Imagine a glass ball, palm-sized, fused with a glass stand so it won't roll. Inside, a small vertical pole. Upon this, a freely-spinnable assembly of vanes. Think weathervane, think windmill, think paddlewheel. Each arm of this assembly is painted on one side with white, the other with black. It's designed to demonstrate a physical property, so there's very little frills, just exactly what is needed to let it do its thing.
This is from one that came out of the 80s:
SPACE AGE SPHERE - POWERED BY THE SUN!
The vanes, or wings in the Radiometer are alternately dark and light in color.
When the light strikes these wings, it tranfers heat to each one -- but not to the same degree. The lighter wing reflects the rays, and the dark wing absorbs the rays.
Actually, the atoms absorb the photons and emit phonons. My teacher said so.
Now, when the freely moving particles of air inside the Radiometer strike the light reflective vanes, they take on very little energy and do not bounce off very fast.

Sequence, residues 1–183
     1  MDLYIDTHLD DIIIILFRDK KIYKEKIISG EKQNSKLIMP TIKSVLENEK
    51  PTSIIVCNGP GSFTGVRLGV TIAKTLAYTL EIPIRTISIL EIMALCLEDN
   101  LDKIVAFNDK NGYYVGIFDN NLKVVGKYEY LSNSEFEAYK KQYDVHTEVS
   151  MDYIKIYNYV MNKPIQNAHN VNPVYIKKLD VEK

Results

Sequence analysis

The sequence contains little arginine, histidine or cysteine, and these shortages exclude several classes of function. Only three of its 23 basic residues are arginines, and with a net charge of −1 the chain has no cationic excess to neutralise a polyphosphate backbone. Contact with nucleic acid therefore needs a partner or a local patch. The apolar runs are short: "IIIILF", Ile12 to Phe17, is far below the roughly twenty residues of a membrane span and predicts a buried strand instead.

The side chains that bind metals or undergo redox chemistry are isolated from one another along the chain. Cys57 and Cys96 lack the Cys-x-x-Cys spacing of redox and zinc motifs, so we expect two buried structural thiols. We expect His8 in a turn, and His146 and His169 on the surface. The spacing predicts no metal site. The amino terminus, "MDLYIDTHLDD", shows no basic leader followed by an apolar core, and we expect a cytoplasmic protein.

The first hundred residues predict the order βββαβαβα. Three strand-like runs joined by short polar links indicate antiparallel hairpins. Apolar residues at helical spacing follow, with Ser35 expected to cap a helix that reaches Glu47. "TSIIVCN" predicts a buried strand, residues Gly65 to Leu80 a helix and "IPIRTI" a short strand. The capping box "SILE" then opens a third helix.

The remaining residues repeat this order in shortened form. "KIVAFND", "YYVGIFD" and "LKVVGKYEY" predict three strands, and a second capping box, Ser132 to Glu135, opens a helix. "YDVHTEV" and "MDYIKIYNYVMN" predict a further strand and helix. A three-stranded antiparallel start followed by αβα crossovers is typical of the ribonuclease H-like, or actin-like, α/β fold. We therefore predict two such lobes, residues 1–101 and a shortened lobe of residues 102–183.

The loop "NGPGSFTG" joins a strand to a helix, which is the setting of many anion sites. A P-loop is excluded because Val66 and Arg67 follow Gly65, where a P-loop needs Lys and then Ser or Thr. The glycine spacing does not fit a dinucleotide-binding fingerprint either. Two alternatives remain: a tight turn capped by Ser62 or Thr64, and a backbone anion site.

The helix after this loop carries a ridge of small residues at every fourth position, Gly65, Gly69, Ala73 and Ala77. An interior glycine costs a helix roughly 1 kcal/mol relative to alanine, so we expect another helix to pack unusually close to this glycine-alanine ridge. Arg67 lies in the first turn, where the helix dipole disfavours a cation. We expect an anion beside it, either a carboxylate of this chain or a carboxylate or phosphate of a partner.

However, when the atoms strike the dark vanes, they take on a great deal of energy... and "kick" away at terrific speed.
Maxwell would be proud.
Result: the vane begins to move, and continues to move as the bits of air continue to "kick" away from the dark-sided vane.
damn that rising entropy...
Naturally, the stronger the light, the more energy there is to "heat up" the dark wing... keeping the bits of air bouncing away at a faster and faster rate as the light gets brighter.
dF = IdR
I was seven. Downtown Lansing had a museum called Impression 5, and was geared for the younger crowd. The idea was to make science experiential, to bring physics and chemistry and many other disciplines to children so they could appreciate it more.
I was in heaven. Every time. One visit, we went to the little shop in the corner, and there were little plastic dinosaurs and books about the water cycle and videos about how paper is made. And, to my delight years later, boxes of Radiometers. There is no company name on the box, only a teasing "Made & Printed in U.S.A."
I remember watching it spin years ago, as if it were a dream. The glass bulb was a lot bigger in my hands, for a while I wasn't allowed to touch it. I'm still afraid I'll break it, and lose another piece of childhood.
Since then there has been Quantum Mechanics. There has been Electromagnetics. There's even been first love and last rites and many more strange and wonderful things. And while I'll never stop striving for a stronger me, a better tomorrow, but sometimes I wish I didn't know now the things I didn't know then.